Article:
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Catch up on coronavirus stories and special reports, curated by Mike Allen everyday

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Anthony Fauci. Photo: Graeme Jennings/AFP via Getty Images

The United States is "seeing hotspots literally throughout the entire country," with a countrywide average of 70,000 COVID-19 cases per day, NIAID director Anthony Fauci told the Silicon Valley Leadership Group's annual forum Friday.

Driving the news: The U.S. hit another grim milestone on Friday, with the total number of confirmed coronavirus cases surpassing 9 million as new infections surge across the country, per data from Johns Hopkins University.

What he's saying: Fauci noted that, "When we first got hit badly, it was dominated predominantly by what was going on in the New York metropolitan area, where in the spring about 40% of the cases as the hospitalizations and the deaths were there."

  • But, "[o]ther areas of the country began to get hot as it were in the standpoint of cases. So our baseline, unlike Europe — which when they got hit badly, they came down to a very low baseline — our baseline was about 20,000 new cases a day."

The infectious disease expert added that the U.S. is still facing its "original wave" of the pandemic, with an "unacceptable" number of new cases, per CNBC.

  • “When I hear people talk about second and third waves, it really is the original wave that just resurges up, comes down a little, and resurges up again,” Fauci told SiriusXM’s “Doctor Radio Reports” in an interview that aired on Friday.
  • “We never got out of the real wave. We kind of went up and down within a wave."
  • The top infectious disease expert also said that the U.S. is reporting an “extremely high and quite unacceptable” daily number of COVID-19 cases as it prepares to head into the colder winter months.
  • "That’s something that you wish you did not have as you enter into the colder months because out of necessity, a lot more things are going to have to be done indoors because of the weather,” Fauci said.

Go deeper: Fauci says U.S. may not return to normal until 2022

Go deeper

Updated Feb 23, 2021 - Politics & Policy

Coronavirus dashboard

Illustration: Sarah Grillo/Axios

  1. Health: Axios-Ipsos poll: 1 in 3 Americans know someone who died from COVID-19 — Axios-Ipsos poll: Biden's window of opportunity on COVID — Nursing home COVID cases have drastically declinedU.S. death toll tops 500,000.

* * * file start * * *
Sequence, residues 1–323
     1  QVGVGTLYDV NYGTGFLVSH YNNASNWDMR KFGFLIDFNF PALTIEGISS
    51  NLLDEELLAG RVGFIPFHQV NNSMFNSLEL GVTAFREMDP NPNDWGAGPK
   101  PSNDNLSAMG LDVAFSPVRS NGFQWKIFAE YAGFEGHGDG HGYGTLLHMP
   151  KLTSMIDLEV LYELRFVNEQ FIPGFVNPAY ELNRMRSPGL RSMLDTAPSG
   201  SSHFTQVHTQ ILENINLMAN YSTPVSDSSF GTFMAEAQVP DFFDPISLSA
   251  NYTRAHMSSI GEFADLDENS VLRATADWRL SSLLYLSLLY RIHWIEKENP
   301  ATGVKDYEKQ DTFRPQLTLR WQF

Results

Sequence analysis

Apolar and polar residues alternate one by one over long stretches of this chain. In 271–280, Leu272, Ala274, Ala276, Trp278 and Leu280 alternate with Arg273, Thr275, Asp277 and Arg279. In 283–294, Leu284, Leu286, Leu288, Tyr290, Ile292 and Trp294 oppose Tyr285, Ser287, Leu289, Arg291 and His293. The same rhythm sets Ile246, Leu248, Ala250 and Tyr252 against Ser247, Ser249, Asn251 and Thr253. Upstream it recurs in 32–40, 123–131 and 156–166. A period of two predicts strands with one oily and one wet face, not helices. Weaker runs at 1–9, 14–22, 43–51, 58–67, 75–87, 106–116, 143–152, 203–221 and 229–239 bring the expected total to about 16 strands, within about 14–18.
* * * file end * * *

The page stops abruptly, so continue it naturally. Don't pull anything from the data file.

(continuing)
2. Vaccine: Pfizer and Moderna expect to double vaccine shipments by spring — Fast-spreading misinformation on COVID vaccine and infertility worries health experts — Modified vaccines for variants would not require large clinical trials, FDA says.
  3. Economics: Small businesses say even second round of PPP loans not enoughU.S. growth expectations are going through the roof.
  4. Local: Denver breaks from Colorado's vaccine plan Twin Cities and some Midwest metros fare better economically than rest of U.S. — Federal vaccine distribution arriving in Tampa.
  5. World: Boris Johnson unveils roadmap to fully reopen England's economy by June.
Jan 30, 2021 - World

Germany to impose travel restrictions to curb spread of coronavirus variants

Border police officers check passports and COVID-19 tests at Frankfurt Airport. Photo: Thomas Lohnes via Getty Images

Germany announced Friday that it was imposing new travel restrictions in an effort to curb the spread of more contagious coronavirus variants.

Details: All non-German residents traveling from countries deemed "areas of variant concern," including the United Kingdom, South Africa, Portugal, Ireland, Brazil, Lesotho and Eswatini, will be banned from entering the country, even if they test negative for the coronavirus.

Jan 29, 2021 - Health

J&J says its one-shot vaccine is 66% effective against moderate to severe COVID

Photo: Thiago Prudêncio/SOPA Images/LightRocket via Getty Images

Johnson & Johnson announced Friday that its single-shot coronavirus vaccine was 66% effective in protecting against moderate to severe COVID-19 disease in Phase 3 trials, which was comprised of nearly 44,000 participants across eight countries.

Between the lines: The vaccine was 72% effective in the U.S., but only 57% effective in South Africa, where a more contagious variant has been spreading. It prevented 85% of severe infections and 100% of hospitalizations and deaths, according to the company.